“…They will hammer their swords into plowshares and their spears to pruning hooks.” Isaiah 2:4
The town of Candoni is a small, quiet community nestled in a rolling valley of forests in the Philippines’ Visayas region. Candoni is a fourth-class municipality, which means that over 60 percent of the population lives at or below the poverty line.
Living in a rural area, most families in Candoni are subsistence farmers—surviving on their own harvested crops with little to no surplus to sell to earn an additional income to cover basics such as clean water, clothing, healthcare, or education for their children.
Candoni also has a history of being a hotbed of civil armed struggle. During the 1970s and 80s, residents were regularly caught in the crossfire between the rebels and government forces.
In the midst of this violence, poverty, and suffering, the small town of Candoni contributed something beautiful to Filipino history.
On February 16, 1990, inside a small, dilapidated Catholic church, the town declared itself a Zone of Peace—the first of its kind in the Philippines.
One resident remembers that day in February. During the church service’s celebration of the Eucharist, Natividad Epalan—a community leader—read a statement. While holding a two-year-old child in her arms, she declared the village of Cantomangoy in Candoni a “Zone of Peace.” She stated, “The village is open to people whose intentions are good, because our hope and prayer is to be free from weapons of war and death. Therefore, whoever enters the Zone of Peace should not bring guns.”
The establishment of peace in Candoni has led other communities across the Philippines to do the same. So much so that in 1993, a Senate resolution was passed declaring the different Zones of Peace as unique development areas.
More than 20 years have passed since that day in 1990, yet the town of Candoni remains a fourth-class municipality.
Yes, the community now enjoys relative peace, but poverty persists—leading many residents to leave Candoni in search of better opportunities elsewhere. That said, the economic poverty residents face is not due to a lack of natural resources. In fact, Candoni is blessed with fertile soil suitable for high-altitude farming.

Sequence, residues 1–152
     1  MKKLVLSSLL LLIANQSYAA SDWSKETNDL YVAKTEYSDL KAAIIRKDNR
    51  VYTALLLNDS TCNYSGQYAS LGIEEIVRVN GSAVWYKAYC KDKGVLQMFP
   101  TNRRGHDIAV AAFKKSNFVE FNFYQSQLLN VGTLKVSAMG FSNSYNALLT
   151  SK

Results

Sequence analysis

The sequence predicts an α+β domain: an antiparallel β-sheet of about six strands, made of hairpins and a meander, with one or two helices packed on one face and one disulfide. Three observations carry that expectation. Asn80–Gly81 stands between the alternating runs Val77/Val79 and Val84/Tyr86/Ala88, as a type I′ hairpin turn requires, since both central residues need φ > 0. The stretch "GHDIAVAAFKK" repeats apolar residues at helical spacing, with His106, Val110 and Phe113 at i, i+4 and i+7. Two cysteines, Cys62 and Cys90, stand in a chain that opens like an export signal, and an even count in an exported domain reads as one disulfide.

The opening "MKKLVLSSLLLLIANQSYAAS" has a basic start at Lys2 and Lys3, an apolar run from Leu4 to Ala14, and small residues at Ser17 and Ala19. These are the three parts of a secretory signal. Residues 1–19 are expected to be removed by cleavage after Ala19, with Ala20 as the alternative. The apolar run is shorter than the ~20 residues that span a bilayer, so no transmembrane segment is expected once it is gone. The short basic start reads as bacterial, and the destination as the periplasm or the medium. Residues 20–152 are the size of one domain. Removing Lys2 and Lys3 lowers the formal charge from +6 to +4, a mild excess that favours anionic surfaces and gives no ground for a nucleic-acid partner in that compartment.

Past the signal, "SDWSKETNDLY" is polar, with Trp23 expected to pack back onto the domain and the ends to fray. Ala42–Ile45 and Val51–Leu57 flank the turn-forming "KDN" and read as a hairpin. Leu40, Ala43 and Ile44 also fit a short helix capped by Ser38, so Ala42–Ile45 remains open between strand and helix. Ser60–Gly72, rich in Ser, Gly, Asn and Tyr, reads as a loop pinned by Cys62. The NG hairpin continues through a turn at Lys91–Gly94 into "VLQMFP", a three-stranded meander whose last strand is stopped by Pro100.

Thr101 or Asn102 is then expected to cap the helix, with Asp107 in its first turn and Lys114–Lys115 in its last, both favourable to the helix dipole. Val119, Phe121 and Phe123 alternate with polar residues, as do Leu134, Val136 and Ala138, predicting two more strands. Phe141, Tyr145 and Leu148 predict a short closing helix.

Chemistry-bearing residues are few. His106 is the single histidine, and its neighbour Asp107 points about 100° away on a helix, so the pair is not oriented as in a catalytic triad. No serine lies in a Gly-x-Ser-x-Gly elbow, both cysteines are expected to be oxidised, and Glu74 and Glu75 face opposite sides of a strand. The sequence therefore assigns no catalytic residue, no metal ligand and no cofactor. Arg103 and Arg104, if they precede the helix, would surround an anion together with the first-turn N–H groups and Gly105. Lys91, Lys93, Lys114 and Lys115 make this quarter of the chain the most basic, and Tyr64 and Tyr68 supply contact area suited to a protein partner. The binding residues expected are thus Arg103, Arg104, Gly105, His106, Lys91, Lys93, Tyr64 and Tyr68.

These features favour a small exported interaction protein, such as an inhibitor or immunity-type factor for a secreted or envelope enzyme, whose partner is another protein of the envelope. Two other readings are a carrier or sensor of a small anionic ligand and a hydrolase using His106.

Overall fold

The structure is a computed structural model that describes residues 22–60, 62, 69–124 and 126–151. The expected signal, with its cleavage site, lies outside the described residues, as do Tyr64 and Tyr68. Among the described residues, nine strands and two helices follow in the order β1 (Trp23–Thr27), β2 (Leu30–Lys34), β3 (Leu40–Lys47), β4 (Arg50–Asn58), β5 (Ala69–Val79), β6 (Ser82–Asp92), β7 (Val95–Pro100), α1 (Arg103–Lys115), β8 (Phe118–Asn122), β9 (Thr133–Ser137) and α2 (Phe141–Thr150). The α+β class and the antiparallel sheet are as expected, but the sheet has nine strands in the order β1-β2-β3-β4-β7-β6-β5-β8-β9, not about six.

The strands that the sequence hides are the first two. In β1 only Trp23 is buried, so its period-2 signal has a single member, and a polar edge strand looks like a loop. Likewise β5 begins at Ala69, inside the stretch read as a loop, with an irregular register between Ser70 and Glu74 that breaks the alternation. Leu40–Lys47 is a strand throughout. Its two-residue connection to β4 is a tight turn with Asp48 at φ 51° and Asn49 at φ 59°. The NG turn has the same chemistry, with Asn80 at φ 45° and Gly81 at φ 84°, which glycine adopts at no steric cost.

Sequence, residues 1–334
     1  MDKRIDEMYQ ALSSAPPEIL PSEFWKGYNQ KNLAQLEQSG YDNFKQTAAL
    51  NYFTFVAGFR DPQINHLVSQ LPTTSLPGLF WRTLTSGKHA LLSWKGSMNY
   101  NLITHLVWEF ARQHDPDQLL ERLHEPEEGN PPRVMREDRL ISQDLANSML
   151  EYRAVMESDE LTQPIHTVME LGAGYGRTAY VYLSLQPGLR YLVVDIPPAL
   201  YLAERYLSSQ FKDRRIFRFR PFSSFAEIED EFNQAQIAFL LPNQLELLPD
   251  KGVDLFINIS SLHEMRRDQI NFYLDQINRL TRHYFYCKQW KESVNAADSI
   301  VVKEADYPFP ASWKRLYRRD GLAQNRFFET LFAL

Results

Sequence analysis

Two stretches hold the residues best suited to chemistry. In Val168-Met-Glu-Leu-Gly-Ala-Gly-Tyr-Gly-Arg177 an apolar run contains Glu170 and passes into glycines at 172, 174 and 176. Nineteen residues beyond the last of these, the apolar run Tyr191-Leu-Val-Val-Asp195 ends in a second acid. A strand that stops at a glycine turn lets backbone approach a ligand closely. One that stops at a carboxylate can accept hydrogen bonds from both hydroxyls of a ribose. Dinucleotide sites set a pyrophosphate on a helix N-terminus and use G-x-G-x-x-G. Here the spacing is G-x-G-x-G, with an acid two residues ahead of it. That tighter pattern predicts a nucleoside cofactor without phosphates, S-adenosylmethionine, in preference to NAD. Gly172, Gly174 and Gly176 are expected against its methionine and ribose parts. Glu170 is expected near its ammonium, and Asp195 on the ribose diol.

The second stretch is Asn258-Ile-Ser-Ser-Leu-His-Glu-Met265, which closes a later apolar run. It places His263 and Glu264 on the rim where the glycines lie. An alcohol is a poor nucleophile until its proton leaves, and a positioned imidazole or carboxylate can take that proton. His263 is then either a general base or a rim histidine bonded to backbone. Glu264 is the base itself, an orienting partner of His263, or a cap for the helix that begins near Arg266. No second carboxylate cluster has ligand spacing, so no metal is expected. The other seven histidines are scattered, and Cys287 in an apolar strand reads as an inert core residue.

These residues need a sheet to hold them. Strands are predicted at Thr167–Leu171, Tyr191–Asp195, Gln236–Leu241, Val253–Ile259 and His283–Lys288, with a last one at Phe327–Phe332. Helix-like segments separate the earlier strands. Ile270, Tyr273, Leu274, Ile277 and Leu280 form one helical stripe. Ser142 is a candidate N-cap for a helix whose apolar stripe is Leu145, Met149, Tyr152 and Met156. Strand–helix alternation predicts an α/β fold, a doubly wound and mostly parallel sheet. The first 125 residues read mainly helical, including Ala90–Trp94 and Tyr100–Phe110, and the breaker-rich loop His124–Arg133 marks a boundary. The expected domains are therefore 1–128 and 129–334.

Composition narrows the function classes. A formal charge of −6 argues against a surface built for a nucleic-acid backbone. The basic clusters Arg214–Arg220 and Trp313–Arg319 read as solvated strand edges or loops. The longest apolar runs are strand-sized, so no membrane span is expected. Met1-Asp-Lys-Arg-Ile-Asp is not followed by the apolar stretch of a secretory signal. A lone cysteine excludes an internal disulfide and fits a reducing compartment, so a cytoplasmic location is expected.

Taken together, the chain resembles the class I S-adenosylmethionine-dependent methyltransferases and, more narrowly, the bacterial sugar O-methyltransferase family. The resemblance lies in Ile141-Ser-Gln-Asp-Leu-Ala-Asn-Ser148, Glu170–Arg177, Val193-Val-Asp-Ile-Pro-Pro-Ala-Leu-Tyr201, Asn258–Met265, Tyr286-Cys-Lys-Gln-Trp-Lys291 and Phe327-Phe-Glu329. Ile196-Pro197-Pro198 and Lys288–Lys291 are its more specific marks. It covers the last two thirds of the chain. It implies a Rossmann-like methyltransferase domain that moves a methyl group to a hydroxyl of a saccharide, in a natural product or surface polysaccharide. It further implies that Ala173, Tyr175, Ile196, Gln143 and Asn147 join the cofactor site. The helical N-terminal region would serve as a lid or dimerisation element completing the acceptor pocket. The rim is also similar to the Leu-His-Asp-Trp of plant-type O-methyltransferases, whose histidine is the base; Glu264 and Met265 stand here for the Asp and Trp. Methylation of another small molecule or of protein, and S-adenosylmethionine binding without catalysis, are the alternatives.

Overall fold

Candoni remains poor in part because of decades of neglect due to its small population and remote location—especially its distance from city centers and commercial hubs.
The government, and development and financial institutions, neglect of Candoni inhibits their ability to make progress towards eradicating poverty.
Agricultural-based enterprise development is desperately needed, yet Candoni remains an underserved community by both the government and non-governmental organizations alike.
PARTNERING TO END RURAL POVERTY
Katuwang Resource Center, Inc. our newest partner in the Philippines, is changing that.
Katuwang—which means “someone who carries the load with you”—has been serving and equipping small-scale farmers in Candoni, and the nearby village of Don Salvador Benedicto, for more than two years now.
Already, more than 150 farmers have received technical support and access to affordable loans.
The support has allowed these farmers to grow their agricultural enterprises, increasing production of commodities like organic rice, vegetables, poultry, swine, and more.
At Partners Worldwide, we look forward to growing these impacts with Katuwang by utilizing tools such as business training and tapping into the PW network of volunteer Business Affiliates.
As in all our partnerships, we are committed to a Spirit-breathed vision—inspired by John 10:10—to end poverty so that all may have life and have it abundantly.
We pursue this vision by building long-term relationships with local partners, like Katuwang, and volunteer Business Affiliates. Together, we provide entrepreneurs and farmers with training, mentoring, access to capital, and advocacy tools—with the goal of equipping them to lift themselves and their families out of poverty for good.
With Katuwang, and a growing team of volunteers, we will walk alongside the entrepreneurs and farmers in Candoni.
In this new partnership, we are weaving together a three-cord strand that cannot easily be broken, so that lives may be transformed and Christ may be glorified.
The Partners Worldwide global network serves remote, rural communities around the world—communities just like Candoni in the Philippines. We see potential in the people and places that others overlook. We see the image of God in each person, regardless of their social or economic position.
Inspired by the Parable of the Lost Sheep, we are committed to reaching all people in all places so that all may have life and life abundant.